Sandoz offers free Symjepi to Americares for low-income and uninsured patients

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Sandoz offers free Symjepi to Americares for low-income and uninsured patients

By Sandra Levy - 07/02/2019
Americares is delivering epinephrine to free and charitable clinics across the United States to protect children and adults from serious allergic reactions as they spend more time outdoors this summer, thanks to Sandoz, a division of Novartis.

The company recently donated more than 4,000 packs (more than 8,000 individual injections) of its Symjepi (epinephrine) 0.3 mg injectable medication to Americares for distribution to partner clinics in the United States. The health-focused relief and development organization is delivering the medicine free of charge to clinics and community health centers upon request.

“Severe allergic reactions, including anaphylaxis, can be life-threatening. It is critical that patients with known allergies have immediate access to this life-saving medication,” Americares chief medical officer and technical unit vice president Julie Varughese said, adding, “This donation will help protect low-income children and adults at increased risk of a medical emergency, particularly as we head toward the peak summer season and see an increase in insect bites.”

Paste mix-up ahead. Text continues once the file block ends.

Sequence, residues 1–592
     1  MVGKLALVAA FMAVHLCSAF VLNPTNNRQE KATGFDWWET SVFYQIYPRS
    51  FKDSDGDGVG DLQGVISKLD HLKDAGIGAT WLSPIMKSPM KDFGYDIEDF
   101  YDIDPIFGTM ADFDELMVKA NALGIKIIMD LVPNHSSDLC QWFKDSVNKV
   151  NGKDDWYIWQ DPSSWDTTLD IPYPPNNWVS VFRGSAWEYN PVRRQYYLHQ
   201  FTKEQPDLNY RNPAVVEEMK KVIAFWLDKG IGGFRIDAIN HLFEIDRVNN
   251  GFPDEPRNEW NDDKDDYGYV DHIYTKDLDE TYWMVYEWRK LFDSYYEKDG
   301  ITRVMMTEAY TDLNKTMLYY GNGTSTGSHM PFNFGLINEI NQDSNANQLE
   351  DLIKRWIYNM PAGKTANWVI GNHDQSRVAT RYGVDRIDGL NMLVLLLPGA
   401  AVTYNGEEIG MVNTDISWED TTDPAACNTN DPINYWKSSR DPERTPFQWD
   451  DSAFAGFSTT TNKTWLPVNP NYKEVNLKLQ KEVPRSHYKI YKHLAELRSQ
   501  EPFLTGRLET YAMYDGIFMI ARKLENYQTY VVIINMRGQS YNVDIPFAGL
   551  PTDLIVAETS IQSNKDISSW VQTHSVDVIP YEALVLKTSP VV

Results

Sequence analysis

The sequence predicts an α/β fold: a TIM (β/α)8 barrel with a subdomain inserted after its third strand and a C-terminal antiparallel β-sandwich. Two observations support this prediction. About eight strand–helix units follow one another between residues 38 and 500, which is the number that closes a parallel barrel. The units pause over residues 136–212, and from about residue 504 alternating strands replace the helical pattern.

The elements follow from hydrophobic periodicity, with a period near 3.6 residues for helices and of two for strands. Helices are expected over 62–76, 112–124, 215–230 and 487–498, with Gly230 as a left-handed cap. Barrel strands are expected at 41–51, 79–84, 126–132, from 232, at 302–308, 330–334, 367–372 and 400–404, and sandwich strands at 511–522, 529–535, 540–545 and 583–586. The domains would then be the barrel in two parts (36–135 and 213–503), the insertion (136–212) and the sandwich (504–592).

Epinephrine is an emergency treatment for severe allergic reactions, including anaphylaxis, that can be triggered by food allergies, insect stings or some medications. Anaphylaxis can cause swelling of the lips or tongue, trouble breathing and loss of consciousness, among other symptoms.

The single-dose, pre-filled syringe and device combination donated by Sandoz can be an alternative to epinephrine auto-injectors. It is FDA approved for use by adults and in children weighing approximately 66 pounds or more.

“We are hoping that this donation can help address a critical need in the U.S. due to the ongoing shortage of epinephrine injections,” said Sandoz president Carol Lynch. “This is a life-saving medicine, which is why Sandoz is making Symjepi immediately available to U.S. patients through Americares to help bridge the shortage gap during these summer months.”

Since 1986, Novartis and Sandoz together have donated nearly $300 million worth of medicine to support health programs in 113 countries. In 2016, Sandoz made a commitment to donate up to $10 million worth of high-quality generic medicines annually to Americares for distribution worldwide.

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